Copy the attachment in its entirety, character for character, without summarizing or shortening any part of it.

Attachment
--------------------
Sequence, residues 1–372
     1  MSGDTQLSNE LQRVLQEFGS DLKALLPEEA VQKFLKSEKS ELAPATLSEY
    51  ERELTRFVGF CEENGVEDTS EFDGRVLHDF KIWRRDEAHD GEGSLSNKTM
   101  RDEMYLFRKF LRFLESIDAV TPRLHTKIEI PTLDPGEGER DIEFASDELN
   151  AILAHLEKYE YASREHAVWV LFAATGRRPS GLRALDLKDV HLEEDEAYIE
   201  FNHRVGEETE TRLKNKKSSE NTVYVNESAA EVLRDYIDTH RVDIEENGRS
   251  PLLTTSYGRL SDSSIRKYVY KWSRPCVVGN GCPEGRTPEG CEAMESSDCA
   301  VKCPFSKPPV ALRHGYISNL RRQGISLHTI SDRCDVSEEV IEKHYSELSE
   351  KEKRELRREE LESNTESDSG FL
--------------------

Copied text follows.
Sequence, residues 1–372
     1  MSGDTQLSNE LQRVLQEFGS DLKALLPEEA VQKFLKSEKS ELAPATLSEY
    51  ERELTRFVGF CEENGVEDTS EFDGRVLHDF KIWRRDEAHD GEGSLSNKTM
   101  RDEMYLFRKF LRFLESIDAV TPRLHTKIEI PTLDPGEGER DIEFASDELN
   151  AILAHLEKYE YASREHAVWV LFAATGRRPS GLRALDLKDV HLEEDEAYIE
   201  FNHRVGEETE TRLKNKKSSE NTVYVNESAA EVLRDYIDTH RVDIEENGRS
   251  PLLTTSYGRL SDSSIRKYVY KWSRPCVVGN GCPEGRTPEG CEAMESSDCA
   301  VKCPFSKPPV ALRHGYISNL RRQGISLHTI SDRCDVSEEV IEKHYSELSE
   351  KEKRELRREE LESNTESDSG FL